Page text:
Mark Wallace - piano accordion, keyboards, vocals
Produced by Alan Thorne 1988

Robert William Lane in Nelson, New Zealand, also credited as Robert Tex Morton 30 August 1916. Morton died in Sydney's Royal North Shore Hospital on 23 July 1983, after a short battle with lung cancer. He was like Canada’s Wilf Carter: a real pioneering cowboy recording artist.

WPA covered Tex Morton’s 1930 song Sergeant Small about the Queensland Railway Police. Morton’s version of it was banned soon after its release in Australia. Sergeant Small was a well-known police officer stationed at Roma in south-west Queensland. In the depression years, many men on the dole were obliged to travel the country searching for work. With virtually no money, many ‘swagmen’ would jump on a freight train. Sergeant Small developed a cunning approach. He would kit himself out as a bagman trying to find some space on a goods train for himself and he'd surreptitiously approach each carriage and ask if there was any room inside and many a concealed bagman would answer back and thus give himself up.

In 1938, the very talented New Zealand country and western singer then in Australia, Tex Morton, decided to write a song about Sergeant Small and it got a lot of airplay. Unfortunately, Sergeant Small took exception to this and his threats to sue resulted in the song being withdrawn from both broadcast and sale.

6.   Ian & Sylvia: Captain Woodstock’s Courtship (trad)
Northern Journey: Vanguard Records - VSD-79154
Pincher Creek AB / Toronto ON
Ian Tyson: guitar, vocal
Sylvia Tyson: vocal
Monte Dunn: 2nd guitar
Eric Weissberg: bass
Recorded by the Vanguard Recording Society, New York City – 1964

Out of the Child Ballad collection, number 46. A very old folk song! This version was taken from the collecton of Nova Scotia folklorist Dr. Helen Creighton from ‘Song and Ballads from Nova Scotia.

7.   Jackson Hawke: Dancing With The Captain (Dominic Bugatti / Frank Musker)
Jackson Hawke: Columbia PES 90417
Sault Ste Marie ON
Tim Ryan, guitar
Bob Yoemans, guitars, keys
Gene Falbo, bass
Gary Hyolt, guitars
Larrie Londin, drums
John Lissauer, piano, flute
Don Lorusso, guitar
Produced by Bob Gallo 1977
Recorded by Rick Capreol & John Naslen
Mixed by Andy Hermant & Hayward Parrott

The song was originally recorded in 1976 by Paul Nicholas (who played Dougie Shears in the movie version of Sgt. Pepper's Lonely Hearts Club Band in 1978). He ended up an old man on British sitcom The East Enders. His and Jackson Hawke’s versions are the only two known recordings of it.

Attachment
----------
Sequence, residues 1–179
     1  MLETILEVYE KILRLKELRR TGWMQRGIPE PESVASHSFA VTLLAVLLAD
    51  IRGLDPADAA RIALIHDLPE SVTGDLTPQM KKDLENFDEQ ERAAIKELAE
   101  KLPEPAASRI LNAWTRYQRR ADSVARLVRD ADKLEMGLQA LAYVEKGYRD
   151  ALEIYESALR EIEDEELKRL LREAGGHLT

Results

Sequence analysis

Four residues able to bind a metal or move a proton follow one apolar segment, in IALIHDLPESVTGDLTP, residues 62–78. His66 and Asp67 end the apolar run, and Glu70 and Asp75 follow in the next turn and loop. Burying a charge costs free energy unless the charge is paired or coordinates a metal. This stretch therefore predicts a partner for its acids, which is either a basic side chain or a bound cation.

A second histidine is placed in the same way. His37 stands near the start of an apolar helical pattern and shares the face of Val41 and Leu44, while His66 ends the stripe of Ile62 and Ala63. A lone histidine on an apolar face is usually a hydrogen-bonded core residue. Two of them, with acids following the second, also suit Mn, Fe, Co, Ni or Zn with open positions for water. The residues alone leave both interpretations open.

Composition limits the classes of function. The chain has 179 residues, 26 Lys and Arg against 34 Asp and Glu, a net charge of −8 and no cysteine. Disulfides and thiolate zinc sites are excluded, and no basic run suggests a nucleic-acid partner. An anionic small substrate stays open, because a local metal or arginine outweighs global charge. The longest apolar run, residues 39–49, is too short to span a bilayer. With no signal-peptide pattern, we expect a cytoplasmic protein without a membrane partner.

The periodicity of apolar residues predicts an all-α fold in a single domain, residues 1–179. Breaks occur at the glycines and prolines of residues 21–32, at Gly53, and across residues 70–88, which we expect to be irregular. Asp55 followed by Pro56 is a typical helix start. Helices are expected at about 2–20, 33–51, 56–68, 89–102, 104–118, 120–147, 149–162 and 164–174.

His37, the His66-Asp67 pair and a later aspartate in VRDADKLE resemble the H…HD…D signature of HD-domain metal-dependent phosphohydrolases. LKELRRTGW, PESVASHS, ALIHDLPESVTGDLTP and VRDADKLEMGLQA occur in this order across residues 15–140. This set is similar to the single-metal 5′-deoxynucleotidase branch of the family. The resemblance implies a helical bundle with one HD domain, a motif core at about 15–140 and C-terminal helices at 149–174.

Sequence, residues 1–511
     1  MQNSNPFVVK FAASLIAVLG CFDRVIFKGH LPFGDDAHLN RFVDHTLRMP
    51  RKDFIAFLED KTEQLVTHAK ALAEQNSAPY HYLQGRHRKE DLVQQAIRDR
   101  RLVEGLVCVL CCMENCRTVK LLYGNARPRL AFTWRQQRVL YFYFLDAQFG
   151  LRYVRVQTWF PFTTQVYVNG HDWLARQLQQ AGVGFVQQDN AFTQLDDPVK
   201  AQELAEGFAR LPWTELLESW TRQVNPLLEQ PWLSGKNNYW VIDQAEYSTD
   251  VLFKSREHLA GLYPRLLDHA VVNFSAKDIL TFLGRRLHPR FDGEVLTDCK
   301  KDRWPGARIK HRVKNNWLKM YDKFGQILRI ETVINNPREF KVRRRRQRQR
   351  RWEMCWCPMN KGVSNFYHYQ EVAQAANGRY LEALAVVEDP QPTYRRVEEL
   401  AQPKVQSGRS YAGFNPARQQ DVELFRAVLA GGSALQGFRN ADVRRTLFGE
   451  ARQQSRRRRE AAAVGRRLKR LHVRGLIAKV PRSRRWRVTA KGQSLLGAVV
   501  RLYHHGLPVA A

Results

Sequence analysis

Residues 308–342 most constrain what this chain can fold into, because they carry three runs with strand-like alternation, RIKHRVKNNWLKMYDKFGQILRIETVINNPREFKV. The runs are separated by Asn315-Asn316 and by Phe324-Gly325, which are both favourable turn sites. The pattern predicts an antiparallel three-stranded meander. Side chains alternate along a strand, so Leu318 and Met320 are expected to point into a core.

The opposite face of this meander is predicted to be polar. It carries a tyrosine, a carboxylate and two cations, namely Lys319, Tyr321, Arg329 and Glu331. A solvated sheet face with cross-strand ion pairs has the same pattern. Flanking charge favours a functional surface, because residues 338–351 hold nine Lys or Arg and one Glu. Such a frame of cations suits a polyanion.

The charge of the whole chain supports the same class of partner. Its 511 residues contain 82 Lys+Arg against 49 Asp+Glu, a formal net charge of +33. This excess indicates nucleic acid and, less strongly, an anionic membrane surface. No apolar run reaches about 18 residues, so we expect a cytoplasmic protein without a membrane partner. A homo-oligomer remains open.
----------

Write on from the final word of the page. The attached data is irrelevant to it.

8.   Gallagher & Lyle: Call For The Captain (Gallagher / Lyle)
Love on the Airwaves: A&M Records – SP 4620
Largs, Scotland
Benny Gallagher - vocals, piano, keyboards, bass guitar, percussion
Graham Lyle - vocals, guitar
Alan Hornall - bass
Iain Rae - Piano, Organ, synthesizer
Ray Duffy - drums
Jimmy Jewell - saxophone
John Mumford - trombone
Produced by David Kershenbaum – 1977
Recorded by Geoff Emerick

Formed McGuinness Flint in 1970 by former bassist and guitarist with Manfred Mann, and Hughie Flint, former drummer with John Mayall; plus vocalist and keyboard player Dennis Coulson, and singer-songwriters Benny Gallagher and Graham Lyle who first started playing together in 1959. They were signed by The Beatles to write for Apple Records' artists. Went on to have a major songwriting and performing career.:

9.   Blues Image: Ride Captain Ride (Blues Image)
Open: Atco Records SD 33-317
Tampa FL
Mike Pinera Lead vocals, Lead guitar
Malcolm Jones Bass
Joe Lala Percussion, Vocals
Skip Konte Keyboards
Manny Bertematti Drums
Kent Henry Guitars
Produced by Richard Podolor 1970
Recorded by Bill Cooper

Their 2nd LP featuring hit song Ride Captain Ride. They became the houseband in Tampa at a venue that featured Cream, Grateful Dead before moving to LA. Were basically 1 Hit Wonders. Only percussionist Joe Lala went on to greater heights, played in CSNY & Steve Stills’ Manassas.

10. Tamarack: Bold General Wolfe (trad)
A Pleasant Gale: SGB Records JM-83132
Guelph, ON
Randy Sutherland: lead vocal, guitar
James Gordon: tambour, vocals
Jeff Bird: double bass, fiddle, harmonica, tin whistle
Produced by Tamarack - 1983
Recorded at Elora Sound Studios, Elora, ON by Bill Mather

Major General James Wolfe (2 January 1727 – 13 September 1759)
The story of General Wolfe’s final battle on the Plains of Abraham in the battle for Quebec. A brigade major at the age of eighteen, he was a lieutenant-colonel by the age of twenty-three. Following the success of the Siege of Louisbourg he was made commander of a force which sailed up the Saint Lawrence River to capture Quebec City. After a long siege Wolfe defeated a French force under Louis-Joseph de Montcalm allowing British forces to capture the city. Wolfe was killed at the height of the Battle of the Plains of Abraham due to injuries from three musket balls.

The song is also know as Brave Wolfe. The first and one of the finest of the native Anglo-Canadian ballads, 'Brave Wolfe' describes the British victory on the Plains of Abraham in 1759. Composed soon after the battle, it seems to have been patterned on an old British love lament called 'The Blacksmith'. It circulated widely throughout the British colonies, appearing in many New England broadsides and songbooks of the 18th and 19th centuries, and survived in oral tradition in both Newfoundland and Nova Scotia well into the 20th century. But not to anyone’s surprise, not in Quebec.

11. Spirit of the West: General Guinness (trad)
Old Material 1984-1986: Stony Plain Records SPL 1141
Vancouver BC
Geoffrey Kelly: flute, bodhran, whistles, vocals